Struggling to differentiate your RTR locomotive from the crowd? Here’s 18 quick transformational tips to improve your fleet.
Bachmann’s 1F model is nicely finished, but from the box, it is un-weathered. As such, it looks unrealistic. Doing your own weathering is very enjoyable and straightforward if a few simple rules and techniques are followed.
We’ve endeavoured to weather the locomotive to a well-used, but a cared-for condition. The basic method is to add paint, then remove it, thereby replicating the action of dirt accumulating and being removed by locomotive cleaners.
Prise couplings off and store them safely. You may like to weather these separately if you plan to add them back to the locomotive at a later date.
We’re adding the cosmetic couplings to the buffer beams using superglue before starting the weathering.
The next step is adding the canvas weather sheet to the cab roof using tweezers and superglue.
The crew come away fairly easily by twisting them using a pair of tweezers.
We split the locomotive from its chassis. There are two screws holding the two halves together, as shown in the documentation provided with the model (and available online).
By using the cardboard tube from a toilet roll as a handle, we managed to avoid touching the body when spraying.
We removed the bunker by undoing the two screws underneath - be very careful here as the handrails are now exposed and are easy to bend out of shape.
Using the screws, we attached the bunker to a piece of cardboard to facilitate handling when spraying.
Brush the model with a soft brush to remove any particles of dust or debris.
Using an airbrush, spray a mix of Humbrol Matt Black (33), Leather (62) and Metalcote Steel (27003) onto the body, chassis and bunker. You’ll only need a light coat. If you don’t have an airbrush, apply a dilute mixture using a brush.
Before the paint has dried, use a cotton bud moistened with thinners to remove the paint wherever you can reach it. Work on one area at a time and change buds regularly as they become dirty. Mop up thinners from the model using a dry cotton bud. Be very careful to avoid rubbing too hard otherwise you will remove the transfers!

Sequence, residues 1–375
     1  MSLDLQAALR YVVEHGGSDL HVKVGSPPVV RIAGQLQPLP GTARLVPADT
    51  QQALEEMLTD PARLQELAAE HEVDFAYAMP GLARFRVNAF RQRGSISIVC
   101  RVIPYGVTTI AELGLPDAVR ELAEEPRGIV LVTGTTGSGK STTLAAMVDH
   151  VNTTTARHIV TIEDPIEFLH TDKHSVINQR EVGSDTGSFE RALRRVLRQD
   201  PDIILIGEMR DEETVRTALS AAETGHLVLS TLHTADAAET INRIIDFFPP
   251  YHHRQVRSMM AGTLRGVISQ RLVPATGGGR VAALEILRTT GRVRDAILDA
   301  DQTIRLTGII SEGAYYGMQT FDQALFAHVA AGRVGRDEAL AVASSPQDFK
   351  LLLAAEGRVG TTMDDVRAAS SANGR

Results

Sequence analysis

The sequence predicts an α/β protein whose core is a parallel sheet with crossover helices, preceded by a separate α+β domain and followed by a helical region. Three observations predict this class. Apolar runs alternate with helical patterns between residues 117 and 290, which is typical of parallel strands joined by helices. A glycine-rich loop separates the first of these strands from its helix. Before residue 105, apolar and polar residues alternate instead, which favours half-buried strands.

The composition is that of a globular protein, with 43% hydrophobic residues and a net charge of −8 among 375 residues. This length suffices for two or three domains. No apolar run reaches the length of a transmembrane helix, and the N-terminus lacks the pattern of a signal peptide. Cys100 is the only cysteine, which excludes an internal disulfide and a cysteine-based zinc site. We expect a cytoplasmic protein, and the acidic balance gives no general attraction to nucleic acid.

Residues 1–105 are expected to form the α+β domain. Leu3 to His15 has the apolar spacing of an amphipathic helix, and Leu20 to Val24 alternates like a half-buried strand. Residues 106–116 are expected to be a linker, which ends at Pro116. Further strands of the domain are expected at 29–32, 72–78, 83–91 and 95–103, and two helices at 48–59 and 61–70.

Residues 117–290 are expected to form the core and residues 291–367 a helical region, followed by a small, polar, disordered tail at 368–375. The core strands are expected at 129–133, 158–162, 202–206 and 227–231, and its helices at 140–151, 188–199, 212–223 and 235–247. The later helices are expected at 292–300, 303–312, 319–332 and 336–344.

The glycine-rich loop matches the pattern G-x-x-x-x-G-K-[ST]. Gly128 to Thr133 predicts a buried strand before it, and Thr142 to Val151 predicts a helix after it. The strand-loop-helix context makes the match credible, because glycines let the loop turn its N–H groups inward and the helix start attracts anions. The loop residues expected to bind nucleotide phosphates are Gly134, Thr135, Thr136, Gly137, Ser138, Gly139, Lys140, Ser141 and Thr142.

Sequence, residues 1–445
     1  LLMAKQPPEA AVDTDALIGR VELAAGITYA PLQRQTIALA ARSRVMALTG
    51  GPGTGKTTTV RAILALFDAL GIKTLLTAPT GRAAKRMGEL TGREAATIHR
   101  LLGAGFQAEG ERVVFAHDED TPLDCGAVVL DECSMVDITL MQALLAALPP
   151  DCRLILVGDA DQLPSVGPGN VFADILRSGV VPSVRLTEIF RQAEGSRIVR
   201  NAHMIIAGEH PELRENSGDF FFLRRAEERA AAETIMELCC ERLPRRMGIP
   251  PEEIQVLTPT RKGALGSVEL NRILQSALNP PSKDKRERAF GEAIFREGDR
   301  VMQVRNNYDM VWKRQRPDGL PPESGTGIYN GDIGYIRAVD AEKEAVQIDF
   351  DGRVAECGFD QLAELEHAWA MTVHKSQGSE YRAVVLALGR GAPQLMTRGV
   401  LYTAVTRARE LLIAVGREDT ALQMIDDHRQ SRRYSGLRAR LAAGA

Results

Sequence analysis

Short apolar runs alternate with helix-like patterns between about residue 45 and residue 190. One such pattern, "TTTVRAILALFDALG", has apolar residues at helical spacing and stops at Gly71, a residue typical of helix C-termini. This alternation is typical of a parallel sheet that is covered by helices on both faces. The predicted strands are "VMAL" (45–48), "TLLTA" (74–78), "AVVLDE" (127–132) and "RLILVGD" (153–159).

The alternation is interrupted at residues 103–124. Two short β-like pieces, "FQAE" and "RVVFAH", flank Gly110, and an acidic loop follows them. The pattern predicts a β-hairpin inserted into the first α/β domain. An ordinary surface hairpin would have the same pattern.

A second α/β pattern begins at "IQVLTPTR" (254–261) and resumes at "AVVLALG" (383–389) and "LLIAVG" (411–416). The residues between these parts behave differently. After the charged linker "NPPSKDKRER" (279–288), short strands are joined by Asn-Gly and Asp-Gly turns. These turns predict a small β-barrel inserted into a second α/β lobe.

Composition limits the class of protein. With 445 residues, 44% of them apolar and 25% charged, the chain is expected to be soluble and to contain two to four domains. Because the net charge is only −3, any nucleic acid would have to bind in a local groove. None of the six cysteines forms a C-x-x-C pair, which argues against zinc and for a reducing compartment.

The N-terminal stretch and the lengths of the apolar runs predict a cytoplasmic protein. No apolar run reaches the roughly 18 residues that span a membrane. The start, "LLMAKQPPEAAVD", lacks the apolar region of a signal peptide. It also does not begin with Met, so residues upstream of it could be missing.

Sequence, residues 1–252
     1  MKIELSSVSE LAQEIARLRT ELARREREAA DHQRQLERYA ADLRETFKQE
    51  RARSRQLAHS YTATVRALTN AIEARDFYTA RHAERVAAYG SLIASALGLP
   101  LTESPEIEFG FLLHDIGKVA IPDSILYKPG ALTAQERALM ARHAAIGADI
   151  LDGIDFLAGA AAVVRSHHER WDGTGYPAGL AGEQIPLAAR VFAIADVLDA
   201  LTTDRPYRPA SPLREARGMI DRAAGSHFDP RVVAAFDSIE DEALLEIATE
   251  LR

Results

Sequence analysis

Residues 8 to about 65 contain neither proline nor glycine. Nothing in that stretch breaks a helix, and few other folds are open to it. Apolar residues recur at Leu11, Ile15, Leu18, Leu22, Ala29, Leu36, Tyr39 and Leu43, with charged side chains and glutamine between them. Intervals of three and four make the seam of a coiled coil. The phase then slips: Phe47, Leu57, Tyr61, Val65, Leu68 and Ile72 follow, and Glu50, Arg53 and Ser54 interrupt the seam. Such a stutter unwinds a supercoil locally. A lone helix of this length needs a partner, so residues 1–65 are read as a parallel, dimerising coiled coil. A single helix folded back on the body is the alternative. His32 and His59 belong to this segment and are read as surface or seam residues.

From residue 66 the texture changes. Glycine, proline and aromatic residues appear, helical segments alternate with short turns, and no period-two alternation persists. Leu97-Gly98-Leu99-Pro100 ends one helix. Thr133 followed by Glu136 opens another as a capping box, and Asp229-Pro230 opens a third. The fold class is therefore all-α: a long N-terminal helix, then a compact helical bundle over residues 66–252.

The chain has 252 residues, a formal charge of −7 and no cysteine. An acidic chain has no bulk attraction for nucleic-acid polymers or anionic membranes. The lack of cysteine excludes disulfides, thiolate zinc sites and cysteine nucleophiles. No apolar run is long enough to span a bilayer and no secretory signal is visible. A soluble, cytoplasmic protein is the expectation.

Use a soft dry brush and tweezers to remove particles of cotton stuck to the model.
In the cab, wet a brush in thinners and move around the weathering sprayed onto the cab roof and backhead. Use a cotton bud soaked in thinners to clean the gauges, wheels and regulator.
Remove the two screws holding the baseplate in position and remove the wheels. Immediately put the two halves back together temporarily to avoid losing gears and prevent debris reaching the inner workings.
Apply black acrylic paint behind the wheels, and spring. You’ll be able to see the outline of the wheel from the spray pattern left behind. Grind up a small amount of black and grey chalk using a file and daub this into the wet paint. Reassemble the wheels and fix the baseplate into position.
Thin acrylic black paint by 50% and paint this onto the cab floor. Apply more of the ground black chalk. Add a small amount of ground orange chalk to the firebox door. Reassemble the bunker to the main body.
Mix up a thin enamel wash of Humbrol Gloss Tan (9) and Metalcote Steel (27003) and apply to the coupling rods. Ensure that you don’t add this too thickly and so gum up the motion.
Finish the locomotive by topping up the bunker with real coal and PVA glue. Add a dab of black acrylic paint to each buffer head to represent grease. Add the crew back using super glue – the fireman seemed to have no backside, so I added solder and repainted the missing detail.
Weathering Top Tips
- Good light is essential. Spray outdoors, in a glasshouse/conservatory, or close to a window.
- It’s difficult to see how much paint is produced by your airbrush until it has landed on the model. So that you’ve got some idea, start spraying onto a piece of cardboard, then, holding the brush controls in the same position, direct the airbrush at the model.
- You will use very little paint when weathering, so only mix small quantities.
- Stop before you think you have finished – it’s easy to overdo weathering effects. You can always add more if you revisit the locomotive at a later date.
- Keep your brush strokes vertical, never horizontal.
- Before using the locomotive, with everything dry, clean the wheel treads and current collection surfaces. Check that you haven’t gummed up the motion and free it before use.
- Be careful using thinners around transfers – work on these sections quickly and don’t press too hard.
For more step-by-step weathering articles, head to our ‘Techniques’.
Read our step-by-step guide to weathering a locomotive using paint washes and powders here.